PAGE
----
CENTRISM AND THE INTERNET….Ron Brownstein has an odd column this morning. He thinks that both Democrats and Republicans are pandering so heavily to their extreme wings these days that there’s a real opportunity for a new centrist party to steal some votes away. What’s more, Joe Trippi agrees:

Trippi believes an independent presidential candidate who struck a chord could organize support through the Internet just as inexpensively [as starting a blog]. “Somebody could come along and raise $200 million and have 600,000 people on the streets working for them without any party structure in the blink of an eye,” he says.

It might not be quite that simple. But the two parties are pursuing strategies that create an opening in the center of the electorate, even as the Internet makes it easier for a new competitor to fill it.

….”We are now moving toward a very dangerous place for both parties,” he says. “It is becoming much more possible for an independent or third party to emerge because they are leaving so much space in the middle.”

Now, this appeals to my centrist temperament, just as it appeals to guys like Marshall Wittman and, presumably, Matt “2% Solution” Miller. But the internet?

For all the usual reasons ? which I won’t bother going into ? I doubt very much that an independent centrist party is going to start up. But even if one does, I sure don’t see the internet providing the juice. That’s sort of like suggesting that talk radio might become a force for moderation and sensible solutions to our nation’s problems. But I don’t see it: regardless of their actual policy positions, Howard Dean and MoveOn succeeded on the internet by pushing strident political rhetoric, not calm moderation.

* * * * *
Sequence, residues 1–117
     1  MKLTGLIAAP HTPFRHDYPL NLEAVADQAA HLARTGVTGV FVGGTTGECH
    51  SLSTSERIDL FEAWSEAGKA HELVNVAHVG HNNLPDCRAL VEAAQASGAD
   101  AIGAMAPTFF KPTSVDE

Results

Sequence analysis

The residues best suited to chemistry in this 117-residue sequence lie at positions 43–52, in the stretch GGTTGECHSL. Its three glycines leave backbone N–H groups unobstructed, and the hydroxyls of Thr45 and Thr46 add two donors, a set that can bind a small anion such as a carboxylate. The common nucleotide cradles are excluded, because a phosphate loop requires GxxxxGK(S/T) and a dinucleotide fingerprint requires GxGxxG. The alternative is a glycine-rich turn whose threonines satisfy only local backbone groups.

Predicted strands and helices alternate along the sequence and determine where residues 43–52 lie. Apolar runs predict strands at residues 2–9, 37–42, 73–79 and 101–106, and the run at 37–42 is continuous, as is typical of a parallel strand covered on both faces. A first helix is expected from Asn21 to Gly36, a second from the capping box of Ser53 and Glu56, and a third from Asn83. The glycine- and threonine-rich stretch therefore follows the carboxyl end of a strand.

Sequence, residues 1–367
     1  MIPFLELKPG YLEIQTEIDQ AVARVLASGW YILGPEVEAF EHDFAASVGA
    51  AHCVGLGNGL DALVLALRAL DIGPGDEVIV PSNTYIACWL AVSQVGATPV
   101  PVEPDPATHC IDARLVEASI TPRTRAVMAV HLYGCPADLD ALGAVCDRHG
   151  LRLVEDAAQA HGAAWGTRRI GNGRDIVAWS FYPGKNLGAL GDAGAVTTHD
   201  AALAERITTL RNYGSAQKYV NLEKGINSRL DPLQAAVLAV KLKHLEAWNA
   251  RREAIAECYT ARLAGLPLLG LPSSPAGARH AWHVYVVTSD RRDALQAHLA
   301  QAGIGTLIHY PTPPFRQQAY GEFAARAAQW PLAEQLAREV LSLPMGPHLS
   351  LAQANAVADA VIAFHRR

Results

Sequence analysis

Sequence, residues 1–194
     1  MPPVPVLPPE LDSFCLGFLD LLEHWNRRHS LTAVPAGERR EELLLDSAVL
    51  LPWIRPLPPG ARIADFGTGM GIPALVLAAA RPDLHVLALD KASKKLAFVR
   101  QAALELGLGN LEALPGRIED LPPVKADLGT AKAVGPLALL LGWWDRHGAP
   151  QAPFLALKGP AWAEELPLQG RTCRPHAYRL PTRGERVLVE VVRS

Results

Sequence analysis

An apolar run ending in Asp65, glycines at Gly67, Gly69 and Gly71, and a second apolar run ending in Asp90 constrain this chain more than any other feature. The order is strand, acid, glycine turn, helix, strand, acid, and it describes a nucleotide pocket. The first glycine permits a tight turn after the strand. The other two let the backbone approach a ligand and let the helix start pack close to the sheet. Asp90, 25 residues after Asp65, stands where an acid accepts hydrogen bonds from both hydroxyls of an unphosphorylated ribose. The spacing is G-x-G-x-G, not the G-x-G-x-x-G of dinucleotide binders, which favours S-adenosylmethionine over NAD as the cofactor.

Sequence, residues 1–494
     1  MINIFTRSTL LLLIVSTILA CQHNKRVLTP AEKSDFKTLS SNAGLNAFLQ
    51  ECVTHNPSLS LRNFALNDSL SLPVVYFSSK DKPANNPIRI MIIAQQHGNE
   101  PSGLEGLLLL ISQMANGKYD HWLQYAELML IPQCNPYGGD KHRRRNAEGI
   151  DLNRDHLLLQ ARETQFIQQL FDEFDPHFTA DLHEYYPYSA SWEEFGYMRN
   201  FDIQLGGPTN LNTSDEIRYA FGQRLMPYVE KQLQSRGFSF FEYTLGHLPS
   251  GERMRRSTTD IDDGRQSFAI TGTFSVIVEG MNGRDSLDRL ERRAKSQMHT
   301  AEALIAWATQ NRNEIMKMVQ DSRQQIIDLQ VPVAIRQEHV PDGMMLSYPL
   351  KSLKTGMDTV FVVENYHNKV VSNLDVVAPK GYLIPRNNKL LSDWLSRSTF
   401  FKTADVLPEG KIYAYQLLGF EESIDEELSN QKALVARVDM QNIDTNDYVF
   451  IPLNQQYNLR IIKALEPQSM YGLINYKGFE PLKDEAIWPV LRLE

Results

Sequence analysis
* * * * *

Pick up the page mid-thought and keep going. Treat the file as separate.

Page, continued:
Now, I could see the internet providing some traction for a revived libertarian party ? although it hasn’t happened yet. Or maybe a Christian right party ? except that they already have one. Or maybe a hardline green party.

But $200 million from the internet for a centrist party? From the internet? Quick: can you name any centrist blogs, for example, that get more than 10,000 hits a day? I mean genuinely centrist ? moderate but clearly liberal or conservative sites like this one don’t count. I can’t think of a single one, which makes me wonder: if centrism has a future on the internet, where is it going to come from?

And one more thing: is Brownstein’s idea of an independent really John McCain? Take a look at Keith Poole’s rank ordering of senators in the 108th Congress and McCain is ranked the 4th most conservative senator out of 100. That’s independent?

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